Sarah Bovy was briefly into P9 during the pit stop sequence and then chased and passed the #86 GR Racing Porsche, advancing into eighth place. A great stint from Frey then passed on the baton to Michelle Gatting for the final section of the race – which turned out to be a real thriller. The Dane was catching the Porsche of Fred Poordad by over 4 seconds per lap and, when the third-placed Proton Porsche of Sebastian Priaulx hit trouble, Gatting found herself in fifth place in between the rounds of pit stops. Back in eighth after the stops, Michelle started an exciting yet equally nerve-wrecking battle with the #21 AF Corse Ferrari of Simon Mann that also saw a few close moments when prototypes went around them.


With a fantastic move at Arnage, Gatting finally made the move stick before the final round of pit stops. The unreal charge was completed with a seventh place across the finish line that resulted in Iron Dames’ best ever finish at Le Mans, breaking the ninth place finish spell.


“We broke the curse of P9, at least that’s over” – joked Sarah Bovy at the end of the race.

“At some point we really thought we would end P9 again to be honest”, she continued “but we pushed even more and tried even harder”.


“Sarah and Rahel did an amazing job in the car and we all pushed” – continued Gatting. “In the end, we managed to bring the car back in P7. To be honest, it’s not something that I’m super happy with because we came here with really high expectations – but in the end this is what we could do with the BOP we had.”


One of the biggest topics of the race throughout the GTE classes was the unfavorable balance of performance for the Ferrari cars compared to Porsche and Aston Martin and the Italian brand suffered from top speed on the long Le Mans straights.


“We were surprised by the Balance of Performance during the race itself, as basically Aston Martin and Porsche had their own race and for us, to finish as the second best Ferrari is good.” – Rahel Frey told us.


“We had a bad start and a happier ending – but not the happy ending we wished and worked for. We hoped and dreamt to finish higher up. It didn’t happen, so it means we have to come back and work even harder as we did”, she continued.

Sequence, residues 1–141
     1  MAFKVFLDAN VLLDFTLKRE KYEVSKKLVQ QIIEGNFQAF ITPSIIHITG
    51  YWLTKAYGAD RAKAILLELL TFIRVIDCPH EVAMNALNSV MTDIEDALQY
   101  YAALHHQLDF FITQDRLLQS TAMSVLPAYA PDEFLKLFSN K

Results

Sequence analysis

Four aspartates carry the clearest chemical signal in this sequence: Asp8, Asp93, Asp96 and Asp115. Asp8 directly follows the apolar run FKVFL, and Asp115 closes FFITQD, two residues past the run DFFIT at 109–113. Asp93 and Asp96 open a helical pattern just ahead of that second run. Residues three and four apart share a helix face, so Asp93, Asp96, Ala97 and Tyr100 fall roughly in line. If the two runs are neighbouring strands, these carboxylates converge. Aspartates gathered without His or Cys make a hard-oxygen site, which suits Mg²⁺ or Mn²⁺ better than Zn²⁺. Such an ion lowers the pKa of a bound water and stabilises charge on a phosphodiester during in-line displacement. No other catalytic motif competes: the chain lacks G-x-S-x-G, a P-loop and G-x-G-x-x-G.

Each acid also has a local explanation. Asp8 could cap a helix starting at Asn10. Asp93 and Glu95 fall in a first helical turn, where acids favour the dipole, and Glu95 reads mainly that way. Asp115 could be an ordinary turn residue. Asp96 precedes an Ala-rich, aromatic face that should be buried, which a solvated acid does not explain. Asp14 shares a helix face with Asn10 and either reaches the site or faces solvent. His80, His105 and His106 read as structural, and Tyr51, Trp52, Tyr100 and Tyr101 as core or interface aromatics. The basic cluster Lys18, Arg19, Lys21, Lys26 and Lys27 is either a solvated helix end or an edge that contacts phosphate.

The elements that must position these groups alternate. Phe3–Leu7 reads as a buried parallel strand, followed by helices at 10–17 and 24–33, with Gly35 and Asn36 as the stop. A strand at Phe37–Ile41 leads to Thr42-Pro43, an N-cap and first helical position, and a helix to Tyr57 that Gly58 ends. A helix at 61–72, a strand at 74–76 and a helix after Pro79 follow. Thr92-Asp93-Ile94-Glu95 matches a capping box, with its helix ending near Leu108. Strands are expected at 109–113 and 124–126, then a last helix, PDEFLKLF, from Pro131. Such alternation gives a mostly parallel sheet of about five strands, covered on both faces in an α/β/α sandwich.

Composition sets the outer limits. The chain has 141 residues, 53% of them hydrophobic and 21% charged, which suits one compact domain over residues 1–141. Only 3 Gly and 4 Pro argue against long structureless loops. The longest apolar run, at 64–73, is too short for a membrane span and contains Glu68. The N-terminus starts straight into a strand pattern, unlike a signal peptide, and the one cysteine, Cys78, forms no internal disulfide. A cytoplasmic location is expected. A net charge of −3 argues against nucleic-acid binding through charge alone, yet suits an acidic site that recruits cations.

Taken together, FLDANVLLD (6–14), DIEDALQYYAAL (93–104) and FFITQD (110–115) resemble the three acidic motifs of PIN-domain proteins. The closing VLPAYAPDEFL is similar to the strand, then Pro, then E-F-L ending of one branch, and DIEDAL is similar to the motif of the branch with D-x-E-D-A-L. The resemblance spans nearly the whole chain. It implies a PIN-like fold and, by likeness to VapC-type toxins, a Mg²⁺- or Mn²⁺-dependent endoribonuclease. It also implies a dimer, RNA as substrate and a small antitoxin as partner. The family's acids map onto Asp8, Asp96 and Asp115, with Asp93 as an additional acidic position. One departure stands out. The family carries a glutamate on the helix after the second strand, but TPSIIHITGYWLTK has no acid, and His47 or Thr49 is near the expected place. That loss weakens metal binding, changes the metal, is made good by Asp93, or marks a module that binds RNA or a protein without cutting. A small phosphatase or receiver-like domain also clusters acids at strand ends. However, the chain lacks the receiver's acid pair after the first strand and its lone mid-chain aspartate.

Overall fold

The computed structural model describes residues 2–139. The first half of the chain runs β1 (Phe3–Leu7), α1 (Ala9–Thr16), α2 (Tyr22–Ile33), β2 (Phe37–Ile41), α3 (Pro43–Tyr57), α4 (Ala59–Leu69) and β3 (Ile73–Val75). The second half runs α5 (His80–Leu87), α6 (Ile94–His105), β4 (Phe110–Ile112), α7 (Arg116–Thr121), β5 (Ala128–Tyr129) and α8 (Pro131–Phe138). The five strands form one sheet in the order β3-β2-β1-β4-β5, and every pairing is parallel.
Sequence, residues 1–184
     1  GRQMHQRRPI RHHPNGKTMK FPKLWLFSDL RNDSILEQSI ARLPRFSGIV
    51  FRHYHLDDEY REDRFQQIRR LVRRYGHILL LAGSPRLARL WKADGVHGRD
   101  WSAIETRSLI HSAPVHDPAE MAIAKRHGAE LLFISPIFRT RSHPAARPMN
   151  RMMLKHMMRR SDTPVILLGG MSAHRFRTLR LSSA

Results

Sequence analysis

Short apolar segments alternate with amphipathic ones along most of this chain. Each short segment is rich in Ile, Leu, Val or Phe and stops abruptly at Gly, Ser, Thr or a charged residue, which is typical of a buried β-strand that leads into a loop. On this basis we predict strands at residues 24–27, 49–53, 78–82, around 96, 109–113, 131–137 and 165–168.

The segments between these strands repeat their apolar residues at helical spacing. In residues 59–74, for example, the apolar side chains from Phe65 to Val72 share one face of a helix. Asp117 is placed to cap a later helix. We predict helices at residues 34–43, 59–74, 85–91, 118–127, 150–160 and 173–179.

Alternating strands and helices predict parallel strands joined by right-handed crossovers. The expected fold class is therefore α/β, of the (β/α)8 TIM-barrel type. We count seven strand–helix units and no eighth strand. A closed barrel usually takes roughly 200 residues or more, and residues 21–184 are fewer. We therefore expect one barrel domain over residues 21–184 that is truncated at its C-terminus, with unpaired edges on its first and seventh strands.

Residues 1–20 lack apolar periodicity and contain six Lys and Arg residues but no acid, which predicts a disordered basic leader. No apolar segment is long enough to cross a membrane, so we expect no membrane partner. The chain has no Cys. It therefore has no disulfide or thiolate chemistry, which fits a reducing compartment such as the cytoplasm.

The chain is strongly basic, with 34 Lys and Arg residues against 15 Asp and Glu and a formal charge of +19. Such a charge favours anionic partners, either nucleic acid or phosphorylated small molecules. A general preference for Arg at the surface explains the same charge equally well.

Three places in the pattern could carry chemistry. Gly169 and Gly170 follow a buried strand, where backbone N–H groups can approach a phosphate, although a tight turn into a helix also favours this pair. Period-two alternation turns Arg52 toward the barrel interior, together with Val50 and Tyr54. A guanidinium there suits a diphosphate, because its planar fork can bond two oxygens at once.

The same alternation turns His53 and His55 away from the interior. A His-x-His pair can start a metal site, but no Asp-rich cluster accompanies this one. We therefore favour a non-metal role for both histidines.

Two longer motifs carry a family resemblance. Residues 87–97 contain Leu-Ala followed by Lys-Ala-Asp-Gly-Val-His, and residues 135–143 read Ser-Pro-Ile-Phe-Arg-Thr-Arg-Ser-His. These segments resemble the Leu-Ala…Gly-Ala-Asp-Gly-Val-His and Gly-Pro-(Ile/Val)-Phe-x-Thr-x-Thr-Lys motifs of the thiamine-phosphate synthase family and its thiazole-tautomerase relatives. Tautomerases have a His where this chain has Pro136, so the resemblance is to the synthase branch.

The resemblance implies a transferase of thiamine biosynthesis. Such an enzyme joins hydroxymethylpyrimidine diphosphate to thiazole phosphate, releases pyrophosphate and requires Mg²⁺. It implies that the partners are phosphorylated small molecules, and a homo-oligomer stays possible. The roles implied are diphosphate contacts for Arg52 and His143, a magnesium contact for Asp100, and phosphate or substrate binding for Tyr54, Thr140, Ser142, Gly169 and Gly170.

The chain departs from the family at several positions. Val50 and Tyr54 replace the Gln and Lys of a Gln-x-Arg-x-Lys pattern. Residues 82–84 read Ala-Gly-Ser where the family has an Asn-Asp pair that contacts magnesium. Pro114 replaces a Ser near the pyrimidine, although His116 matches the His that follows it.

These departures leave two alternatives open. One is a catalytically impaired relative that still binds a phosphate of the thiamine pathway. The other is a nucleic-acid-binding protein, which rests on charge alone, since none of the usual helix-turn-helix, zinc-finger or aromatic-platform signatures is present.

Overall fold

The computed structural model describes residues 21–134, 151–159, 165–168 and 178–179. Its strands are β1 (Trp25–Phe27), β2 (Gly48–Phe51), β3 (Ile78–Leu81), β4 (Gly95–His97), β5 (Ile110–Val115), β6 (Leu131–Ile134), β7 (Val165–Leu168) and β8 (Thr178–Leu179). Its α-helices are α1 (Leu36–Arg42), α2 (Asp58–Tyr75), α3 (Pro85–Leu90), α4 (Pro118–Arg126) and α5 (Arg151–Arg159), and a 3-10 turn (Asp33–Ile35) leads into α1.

“We are driven by dreams and we never give up, which means that we keep on going.”

At her second participation in the 24 Hours of Le Mans, Sarah Bovy was nevertheless happy about the progress made.


“We had a crazy race – on track we didn’t leave a tenth out there, really”, she commented. “It was great to drive and I felt I pushed my own limits. During the night we did some very strong stints and in the morning we had some great strategic moves. For me, what we did today is the spirit of endurance racing – and that’s why we’re here.”


“Of course we’re here to do results and I agree with Michi and Rahel that P7 is not what we’re aiming for – we know we can do better than that. But everything considered, coming back from P-last almost a lap down to P7, less than 50 seconds away from the first Ferrari is a good result. The competition was essentially the other Ferraris.”


“We have to be happy with that, but I think it will take us probably 24 hours more to realise it.”


The Iron Dames will be back on track in July for the Monza double, as the famous Italian circuit hosts both the third round of European Le Mans Series (3 July) and the fourth round of the World Endurance Championship (10 July). And at the end of next month it will be time to hit the track for another iconic 24-hour race: the 24 Hours of Spa Francorchamps.


Photo credits: Iron Lynx